Reviews
Like a Rolling Stone: Bob Dylan at the Crossroads by Greil Marcus

Like a Rolling Stone is not great cultural analysis or musical study, but it's a work that's both insightful and fantastic.

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20 May 2005 // 12:00 AM

3-Iron (Bin-jip) (2004)

The oddly mystical, utterly material film opens with a set of images and sounds almost too close to identify.

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Mad Hot Ballroom (2005) - PopMatters Film Review
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Mad Hot Ballroom doesn't cover up the difficulties of losing, even when showing the exultation of winning.

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20 May 2005 // 12:00 AM

The Fearless Freaks (2005)

For a world-famous band, respected and requested by everyone from Beck to Justin Timberlake, the Flaming Lips are a group of humble, down-to-earth guys.

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20 May 2005 // 12:00 AM

Enron: The Smartest Guys in the Room (2005)

Ken Lay and Jeffrey Skilling are classic tragic characters: incredibly intelligent men felled by their own hubris.

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20 May 2005 // 12:00 AM

Beautiful Boxer (2004)

The fight scenes are engrossing, drawing attention to a broader exploration of the friction between two gender ideals.

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20 May 2005 // 12:00 AM

Abouna (2002)

Mahamat-Saleh Haroun's second film is lilting and profound at once, precise and sinuous, pulsing with brilliant, sometimes breathtaking color and dense emotional detail, even as it tells a tale of loss and longing.

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	Stereolab: Oscillons from the Anti-Sun

Any Stereolab fan knows that the band's sound has morphed a million times, each time bringing in and incorporating more styles. This box set not only shows the band's mastery of these various styles, but also the stylish aplomb they radiate while creating pop treats.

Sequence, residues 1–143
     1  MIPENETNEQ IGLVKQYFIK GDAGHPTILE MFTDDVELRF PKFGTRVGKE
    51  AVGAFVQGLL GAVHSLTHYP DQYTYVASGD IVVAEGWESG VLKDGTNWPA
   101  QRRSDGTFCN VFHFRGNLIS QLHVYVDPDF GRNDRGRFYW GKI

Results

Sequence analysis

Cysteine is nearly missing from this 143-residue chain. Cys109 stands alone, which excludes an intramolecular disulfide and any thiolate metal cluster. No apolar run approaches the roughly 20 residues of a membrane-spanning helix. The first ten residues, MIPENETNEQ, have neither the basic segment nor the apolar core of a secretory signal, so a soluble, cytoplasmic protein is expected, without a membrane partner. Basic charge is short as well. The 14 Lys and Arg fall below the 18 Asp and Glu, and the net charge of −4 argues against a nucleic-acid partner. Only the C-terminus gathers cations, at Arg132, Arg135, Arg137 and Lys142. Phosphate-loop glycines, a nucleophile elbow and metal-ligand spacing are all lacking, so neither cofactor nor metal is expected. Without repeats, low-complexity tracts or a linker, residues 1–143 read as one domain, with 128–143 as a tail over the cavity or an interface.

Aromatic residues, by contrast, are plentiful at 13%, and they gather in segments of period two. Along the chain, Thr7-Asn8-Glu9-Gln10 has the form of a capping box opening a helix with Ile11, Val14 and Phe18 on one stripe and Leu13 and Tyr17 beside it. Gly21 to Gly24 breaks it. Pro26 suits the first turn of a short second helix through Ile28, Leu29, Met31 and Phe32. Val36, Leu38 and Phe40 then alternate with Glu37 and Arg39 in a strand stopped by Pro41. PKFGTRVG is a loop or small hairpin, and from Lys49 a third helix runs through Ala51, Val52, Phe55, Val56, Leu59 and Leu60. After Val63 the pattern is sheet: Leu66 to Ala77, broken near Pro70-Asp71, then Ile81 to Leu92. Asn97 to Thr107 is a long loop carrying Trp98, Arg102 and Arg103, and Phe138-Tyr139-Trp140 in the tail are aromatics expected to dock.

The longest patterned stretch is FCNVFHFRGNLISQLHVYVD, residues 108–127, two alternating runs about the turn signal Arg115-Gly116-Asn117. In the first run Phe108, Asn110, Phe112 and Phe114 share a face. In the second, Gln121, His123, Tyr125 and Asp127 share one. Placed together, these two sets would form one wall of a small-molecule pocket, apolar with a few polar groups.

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	Reckless Kelly: Wicked Twisted Road

Reckless Kelly proves to be a fine-tuned precision machine, with all parts working in tandem to produce a solid, often breathtaking, piece of alt-country beauty.

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	The Ponys: Celebration Castle

On their second album, The Ponys shift from a full-on gallop to a more classy canter.

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	The Perishers: Let There Be Morning

From The OC to your CD player, The Perishers are out to... well, not rock you so much as lull you to sleep.

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Manic Street Preachers: The Holy Bible—10th Anniversary Edition

It remains a galling, cankerous reminder of the painful and profound issues that the majority of pop music has always been designed to mask. If the album seems strained in places, overwrought in others and unimaginably grim throughout, it is still -- despite these flaws -- a vital and demanding work.

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19 May 2005 // 10:00 PM

	Paul Gilbert: Space Ship One

Guitar wunderkind Paul Gilbert delivers another fine solo effort -- backed by Linus of Hollywood and Marco Minnemann -- that marries pop with metal and rocks its melodic way into your heart.

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Four Tet: Everything Ecstatic

Everyone's favourite purveyor of blissful beats has gone ballistic, and the smoking gun suits him -- when you're armed with as much talent as Hebden, you can make your own rules.

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19 May 2005 // 10:00 PM

	Deep Thinkers: Necks Move

One gets deep. The other just thinks. Unequal halves. Will the disparity be reconciled?"

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	Dinosaur Jr.: You’re Living All Over Me

The best of the early Dino Jr reissues, this recording proves its relevance. Again.

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19 May 2005 // 12:00 AM

It's good to know that Alan Moore is still with us.

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Sweet teeth breed cavities. But, then, sometimes fillings can be fun.

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19 May 2005 // 12:00 AM

Scrubs: The Complete First Season

Scrubs is, at its worst, a competent sitcom, and at its best, a shortlist candidate for best scripted program of the post-Seinfeld era.

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My Life in the Middle Ages: A Survivor’s Tale by James Atlas

Atlas is at his best in the essays where he examines larger issues that resonate in his own life.

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More Recent Reviews
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The Best and Worst Films of Spring 2015

// Short Ends and Leader

"January through April is a time typically made up of award season leftovers, pre-summer spectacle, and more than a few throwaways. Here are PopMatters' choices for the best and worst of the last four months.

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